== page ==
Major Bowes, 1930s Radio King

Have you ever noticed how many plaques you can find in stone gateways in this area?  I’ve see these ones all within about three miles of each other:Bowes
At the corner of Allapartus and Spring Valley Roads.

 

Lichstern
On Spring Valley Road

 

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On Cedar Lane 

Well, settle in, because I’m going to tell you the story of BOWES.  (I’ll save the other two for later posts.)

My regular-I-just-need-to-get-out-and-run run goes right past this particular plaque.  What does “Bowes” mean, I wonder each time I pass it.  Then I just keep running and forget about it until next time.

Now, thanks to writing this blog, I’ve finally taken the time to research it and discovered that it’s the ghost of the Ossining estate called “Laurel Hill” once owned by Major Edward Bowes.

Bowes was best-known as a radio star who hosted an American Idol/Gong Show-type of talent show called “The Major Bowes Amateur Hour” in the 1930s and 1940s  (You can buy CDs of it here.)

Major Bowes at NBC

His Sunday night show was tremendously popular – according to a December 1, 1935  article in the New York Times, its popularity was “reported to be the highest ever attained since telephone surveys in 40 key cities was first tabulated.”

The format is something we’re very familiar with now, but at the time it was ground-breaking —  amateurs came from all over the country to audition and the lucky few appeared on Major Bowes’ show.   The gimmick of the show was in its audience participation — the performances on the show were voted on via telephone for each episode.   Many of the winners then went on to tour the dying vaudeville circuit in “Major Bowes’ Amateur Hours” units for a pittance and thence into obscurity.

The show began in 1934 and ran until the early 1940s, when wartime restrictions on telephone usage cut into Bowes’ reliance on the audience vote.  Soon after, the show went off the air.

His New York Times obituary noted that:

“The possibility of success attracted ambitious amateurs from all over the country, from one-man bands to singers, from tap dancers to harmonica viruosi.”  The pilgrimage soon became too popular, and in 1935 the Emergency Relief Bureau put up the storm signals disclosing that each week more than 300 penniless would-be radio amateurs were stranded in this city. Major Bowes stemmed the cityward trek by establishing quarter-annual auditions in the hinterlands, winners of which were brought to New York.”

A few contestants did go on to fame and fortune, like opera singers Beverly Sills & Lily Pons.  Others on that short list include Robert Merrill, Redd Foxx & Glady Knight.   Frank Sinatra made an appearance in September of 1935, singing with a group called the Hoboken Four.  They received over 40,000 phone calls, the most of any act in the history of the show up until then.  (They then went on to make a couple of short films for Major Bowes, one called “The Big Minstrel Act” in which they all wore blackface.  Things were different back then . . .)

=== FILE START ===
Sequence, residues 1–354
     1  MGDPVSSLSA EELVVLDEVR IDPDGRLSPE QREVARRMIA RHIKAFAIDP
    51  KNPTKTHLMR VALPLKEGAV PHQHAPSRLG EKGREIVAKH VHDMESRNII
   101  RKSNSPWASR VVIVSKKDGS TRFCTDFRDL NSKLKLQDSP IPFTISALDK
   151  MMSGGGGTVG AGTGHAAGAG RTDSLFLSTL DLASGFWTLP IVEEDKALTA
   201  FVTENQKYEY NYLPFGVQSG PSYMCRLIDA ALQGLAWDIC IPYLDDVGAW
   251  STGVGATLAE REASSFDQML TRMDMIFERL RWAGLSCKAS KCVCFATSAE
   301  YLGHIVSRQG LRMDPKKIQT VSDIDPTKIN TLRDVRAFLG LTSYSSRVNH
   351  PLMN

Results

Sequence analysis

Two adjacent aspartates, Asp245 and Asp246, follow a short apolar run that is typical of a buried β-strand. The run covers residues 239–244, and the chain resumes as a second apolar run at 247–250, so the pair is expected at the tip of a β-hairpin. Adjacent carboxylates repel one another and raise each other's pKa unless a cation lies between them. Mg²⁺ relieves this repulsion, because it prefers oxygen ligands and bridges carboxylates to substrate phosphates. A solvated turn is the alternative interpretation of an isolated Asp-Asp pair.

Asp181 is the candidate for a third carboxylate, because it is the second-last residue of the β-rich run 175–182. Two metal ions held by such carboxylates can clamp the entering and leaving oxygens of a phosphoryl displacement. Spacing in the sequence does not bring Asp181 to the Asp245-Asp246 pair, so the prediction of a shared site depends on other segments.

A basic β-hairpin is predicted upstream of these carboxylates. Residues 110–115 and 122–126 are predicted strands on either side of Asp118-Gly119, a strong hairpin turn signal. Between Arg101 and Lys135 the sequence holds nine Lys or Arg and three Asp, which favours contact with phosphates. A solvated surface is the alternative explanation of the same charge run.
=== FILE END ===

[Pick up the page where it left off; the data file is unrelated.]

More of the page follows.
By 1937, according to a US Treasury Department report to Congress detailing the salaries of  the 15,000 wealthiest Americans, Major Bowes was making $427,817 from his radio show and its spin-offs.  (The man with the highest salary was movie producer Louis B. Mayer, with $1,161,753. But our very own Major Edward Bowes was sixth on the list – behind the likes of Frederic March and Greta Garbo, among others.)  Just FYI, Bowes’ salary equals about $7.2 million in 2016 dollars.

But radio wasn’t his first, or even second, successful career.  No, Bowes got his start in San Francisco real estate, apparently amassing quite a personal fortune which was decimated by the 1906 earthquake.  But he bounced back quickly, finding opportunity in the rubble, and then moved to New York where he ventured into theatrical real estate and producing.  By the 1920s, he was managing director of the Capitol Theater, one of the first movie palaces in New York City.

It was then that he started insisting on be addressed as “Major” Bowes, a rank he apparently attained in the US Army Reserves.

“The Original Amateur Hour” grew out of his interest in the Capitol Theater. In the early days of radio, as a promotion feature for the theatre, Bowes started a Sunday noon hour broadcast over local radio station WHN. By 1934, the idea of the Amateur Hour had evolved and the program was presented nationally as “The Major Bowes Amateur Hour.”